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Cheddar from scratch

Discussion in 'Cheese Making' started by Holly2015, May 14, 2018.

  1. daveomak

    daveomak Epic Pitmaster OTBS Member SMF Premier Member

    nanuk, morning... I just heard an agreement to TRADE was reached with Canada... "Maybe" prices on dairy will come down for you folks.. Haven't heard the details yet...
  2. atomicsmoke

    atomicsmoke Master of the Pit OTBS Member

    I am not sure where your friend ate but i've never seen brekafast price of $25+. 25$ is on the pricey side even for lunch. A brekfast sandwidch at a&w is less than 7$ (with coffee and hashbrowns)

    But, yes, food is more expensive here. So are gas, cars, alcohol, smokes and SMOKERS

    Looks like they just agreed to drop the dairy tarrifs....i doubt we will see a drop in the price of cheese.
  3. Holly2015

    Holly2015 Master of the Pit OTBS Member

    There were in Alberta and British Columbia on their way to Prudhoe bay Alaska. I'd have loved to have been riding with them and overpaying along the way.
  4. atomicsmoke

    atomicsmoke Master of the Pit OTBS Member

    You and me both.
  5. daveomak

    daveomak Epic Pitmaster OTBS Member SMF Premier Member

    Holly, morning.... I've been reading up on cheddar cheese... I don't understand how "aging" in a vac bag can age / sharpen the flavor... could it be anerobic bacteria ?? Most sites recommend air circulation and humidity control.. It's beyond me how a vac-bag can contribute to proper aging...
  6. Holly2015

    Holly2015 Master of the Pit OTBS Member

    There are two camps on this:

    1. Some say that there is still enough air contained in the cheeses even under vacuum that the maturation process can still take place albeit a bit slower because of the lower temperature.

    2. The other camp is this does not work and cheeses can only mature through traditional means. Like waxing or larding/molding then aging at higher temperatures.

    What I can tell you is since I do not have a cheese cave .......yet, I am limited to vacuum bagging. I have given away some of the cheeses that were between 90 and 120 days old and the folks who tried them love them. I have sampled several of the cheeses that were in the age range and found them to be somewhat bland but more flavorful than cheeses that were 30 to 45 days old. These pieces were resealed and will let them age a while longer before sampling again.
  7. daveomak

    daveomak Epic Pitmaster OTBS Member SMF Premier Member

    When I smoke and store cheeses, I wrap in plastic wrap then vac-seal.. A lot easier to remove from the vac-bag... My "old" vac sealer was the original "Food Saver" Italian model ... It sucked pretty good... My "new" sealer is a vacmaster pro 140... It sucks so well that it has destroyed my vacuum canisters by collapsing and cracking them... STUPID ME... I think there is not much "air" left to any adequate aging.... I'm reluctant to reduce the vacuum as the cheeses "could" mold or somehow go bad, as they would without vacuum sealing...
    It would really tick me off to make cheese and have it come out bland... I'm obviously over thinking all this stuff... but to go to the costs and work I'm expecting a superior product to store bought...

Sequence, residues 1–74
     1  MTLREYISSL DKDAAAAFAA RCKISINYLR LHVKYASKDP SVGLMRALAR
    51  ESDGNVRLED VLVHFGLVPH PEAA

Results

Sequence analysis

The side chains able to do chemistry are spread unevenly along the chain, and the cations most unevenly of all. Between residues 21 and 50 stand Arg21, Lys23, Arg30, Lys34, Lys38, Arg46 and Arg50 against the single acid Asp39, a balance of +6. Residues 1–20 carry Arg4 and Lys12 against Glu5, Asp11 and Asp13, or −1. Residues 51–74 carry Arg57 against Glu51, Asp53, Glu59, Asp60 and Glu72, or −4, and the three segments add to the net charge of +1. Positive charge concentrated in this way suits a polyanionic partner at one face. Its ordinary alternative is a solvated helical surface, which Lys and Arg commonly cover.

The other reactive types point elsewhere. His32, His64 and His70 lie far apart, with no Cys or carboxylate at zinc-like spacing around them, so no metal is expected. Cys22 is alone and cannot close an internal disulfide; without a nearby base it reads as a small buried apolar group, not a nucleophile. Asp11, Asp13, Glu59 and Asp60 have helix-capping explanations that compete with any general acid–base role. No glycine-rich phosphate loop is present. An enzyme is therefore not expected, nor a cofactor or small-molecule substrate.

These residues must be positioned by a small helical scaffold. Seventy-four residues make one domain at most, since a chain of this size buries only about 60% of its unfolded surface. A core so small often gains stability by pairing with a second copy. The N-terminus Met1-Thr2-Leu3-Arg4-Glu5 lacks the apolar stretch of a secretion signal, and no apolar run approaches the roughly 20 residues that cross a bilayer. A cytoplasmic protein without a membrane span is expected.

I have access to Amish dairy products... Their butter is sooooooo darn good.. they sell whole milk also... I can't recall if it's pasteurized but not a problem.. I will pasteurize it prior to use...

    Pasteurizing milk is a simple concept: the recommendation is to heat milk to 161 degrees for 15 seconds (please note that this is far gentler than grocery store pasteurized milk, which is heated to nearly 300 degrees!) or to 145 degrees for 30 minutes.

    I'm thinking the lower temp for a longer period would produce a better final product...

    I would set up a double boiler, type thing, using my sous-vide...

    I think I may wrap the cheese in Tyvek... Food and medical grade... I plan on doing some charcuterie, using it also..
    Tyvek ® used in sterile medical device packaging and in direct food contact applications are neither corona nor antistatic treated. These products end in the letter B, such as Tyvek ®1059B.

    outstanding resistance to microbial penetration In test after test, Tyvek®held out bacterial spores and test particles better than other porous packaging materials—even under the most rigorous conditions .
    What’s more, a long-term shelf-life study proved conclusively that Tyvek® can maintain sterility for at
    least five years if package integrity is not compromised .
    The photomicrographs shown here illustrate how bacteria are trapped on the fiber surfaces of Tyvek®

  8. Holly2015

    Holly2015 Master of the Pit OTBS Member

    I can only say I personally think the cheese is bland too date. As time goes on I am hoping that the flavor develops more to my liking but even if it doesn't nothing ventured, nothing gained.

    Actually even if none of the cheese's turn out to my liking I'd not be unhappy and will continue to happily make more. It's not always about the end product it's about spending 8 or so hours with my daughter, spouse and sometimes friends listening to music and talking on a level we don't get to do so often enough. That is by far superior to anything store bought. If the cheese comes out tasty that's just a little bonus.
    bbqbrett likes this.
  9. daveomak

    daveomak Epic Pitmaster OTBS Member SMF Premier Member

    1 thumbs up.jpg